With technology now constantly tracking a person’s daily activities, more and more people are celebrating what used to be seen as mundane accomplishments, like reaching their step goal. While there are still those who feel they have to clock in a big calorie burn for it to be beneficial overall; research, however, is finding that even small amounts of activity can have beneficial effects on health.
One such study, published in the Journal of the American Geriatrics Society October 2017 issue, evaluated women aged 65 and older. Participants enrolled in the Women’s Health Initiative Clinical Trials and were seen in over 40 clinical centers across the US. Researchers used gait speed, timed chair stand and grip strength to measure physical performance. The women also reported their physical activity levels. After obtaining baseline measures, the women wore a measuring device called an accelerometer on their hip for seven days while going about their daily activities and researchers followed up with the women at 1 year, 3 years and 6 years with 6,000 women participating.
As one might expect, the results revealed that the women who had remained physically active had stayed stronger and more fit over the course of the 6 years. Additionally, there were dose-response associations between the physical activity levels and improvements in physical performance. The more active one was, the greater the benefit they received.
The study showed that just 30 minutes of light physical activity daily could lower mortality risk by 12%. For those who were able to add an extra 30 minutes of moderate activity, the mortality risk was reduced by as much as 39%.
According to the Centers for Disease Control (CDC) public health guidelines, it is recommended that adults have 150 minutes of moderate to vigorous physical activity each week. They suggest older adults follow this same guideline up to the limitations of their personal health.
Surprisingly, though, this study demonstrated that even light physical activity below the recommended guidelines could still provide health benefits.
“Every movement counts,” said Andrea LaCroix, Ph.D., senior author of the study and professor in the Department of Family Medicine and Public Health at the University of California (UC) San Diego. “A lot of what we do on a daily basis is improving our health, such as walking to the mailbox, strolling around the neighborhood, folding clothes, and straightening up the house. Activities like these account for more than 55 percent of how older individuals get their daily activity.”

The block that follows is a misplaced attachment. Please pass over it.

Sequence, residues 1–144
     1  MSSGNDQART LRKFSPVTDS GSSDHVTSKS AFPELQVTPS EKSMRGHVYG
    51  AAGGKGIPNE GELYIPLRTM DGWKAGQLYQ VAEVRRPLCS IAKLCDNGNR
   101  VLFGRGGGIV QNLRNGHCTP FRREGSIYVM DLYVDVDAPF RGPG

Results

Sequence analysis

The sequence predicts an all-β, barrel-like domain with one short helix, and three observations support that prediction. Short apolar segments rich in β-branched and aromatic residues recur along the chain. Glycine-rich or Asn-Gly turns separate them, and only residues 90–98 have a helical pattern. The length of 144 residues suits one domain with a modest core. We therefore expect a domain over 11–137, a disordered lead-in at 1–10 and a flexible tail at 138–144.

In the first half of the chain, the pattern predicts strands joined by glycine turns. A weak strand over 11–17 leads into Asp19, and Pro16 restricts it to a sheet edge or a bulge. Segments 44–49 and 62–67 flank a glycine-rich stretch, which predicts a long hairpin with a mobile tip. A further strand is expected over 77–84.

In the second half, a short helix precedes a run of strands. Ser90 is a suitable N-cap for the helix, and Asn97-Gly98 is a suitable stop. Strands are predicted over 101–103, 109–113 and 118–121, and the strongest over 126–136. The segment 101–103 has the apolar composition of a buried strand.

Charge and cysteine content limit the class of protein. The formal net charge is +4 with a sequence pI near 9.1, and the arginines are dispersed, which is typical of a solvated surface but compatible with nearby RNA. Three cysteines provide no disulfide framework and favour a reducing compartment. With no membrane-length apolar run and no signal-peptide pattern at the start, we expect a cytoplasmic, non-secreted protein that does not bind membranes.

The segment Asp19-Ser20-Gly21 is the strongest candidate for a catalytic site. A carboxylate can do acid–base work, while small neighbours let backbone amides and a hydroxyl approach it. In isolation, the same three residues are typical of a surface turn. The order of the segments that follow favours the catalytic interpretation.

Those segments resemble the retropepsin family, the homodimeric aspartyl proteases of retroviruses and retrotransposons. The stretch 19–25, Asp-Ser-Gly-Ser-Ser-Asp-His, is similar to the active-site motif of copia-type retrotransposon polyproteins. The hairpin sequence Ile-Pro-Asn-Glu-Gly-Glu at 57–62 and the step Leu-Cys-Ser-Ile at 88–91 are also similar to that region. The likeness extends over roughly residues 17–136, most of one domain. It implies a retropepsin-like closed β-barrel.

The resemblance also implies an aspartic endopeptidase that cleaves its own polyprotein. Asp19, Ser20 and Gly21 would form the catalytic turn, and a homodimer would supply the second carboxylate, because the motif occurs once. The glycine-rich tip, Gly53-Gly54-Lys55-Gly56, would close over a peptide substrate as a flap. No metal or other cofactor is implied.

Women should note that maintaining high levels of physical activity is associated with improved lower extremity function. This allows for better mobility, fewer falls and generally helps women preserve functional status as they age. These benefits were not only found in the 65-70 year old participants who were in fairly good health. The benefits were seen across the board in all subgroups, regardless of racial/ethnic background, weight, level of functional ability and age.
“Older people expend more energy doing the same kinds of activities they did when younger, so their daily movement has to accommodate for this,” said LaCroix. “The paradigm needs to shift when we think about being active.”
Researchers concluded that regular physical activity plays an important role in maintaining function as we age. Make time for exercise each week, but don’t underestimate the impact of simple daily activities.
If you have health concerns about starting an exercise program, talk to your doctor of chiropractic about what activities may be most appropriate for your specific health status. You can also ask about injury prevention for your chosen activity.
As the saying goes, “If you don’t move it, you lose it.” Find what makes you move and keep at it. It’s better to start slow and continue, then to never start at all.
Pedersen, Traci. “For Older Women, Every Movement Counts Toward Health.” https://psychcentral.com/news/2017/11/19/for-older-women-every-movement-counts-toward-health/128934.html
Laddu, Deepika, et all. “Associations Between Self-Reported Physical Activity and Physical Performance Measures Over Time in Postmenopausal Women: The Women’s Health Initiative.” Journal of the American Geriatrics Society. Volume 65, Issue 10, October 2017
CDC: How much physical activity do adults need? https://www.cdc.gov/physicalactivity/basics/adults/index.htm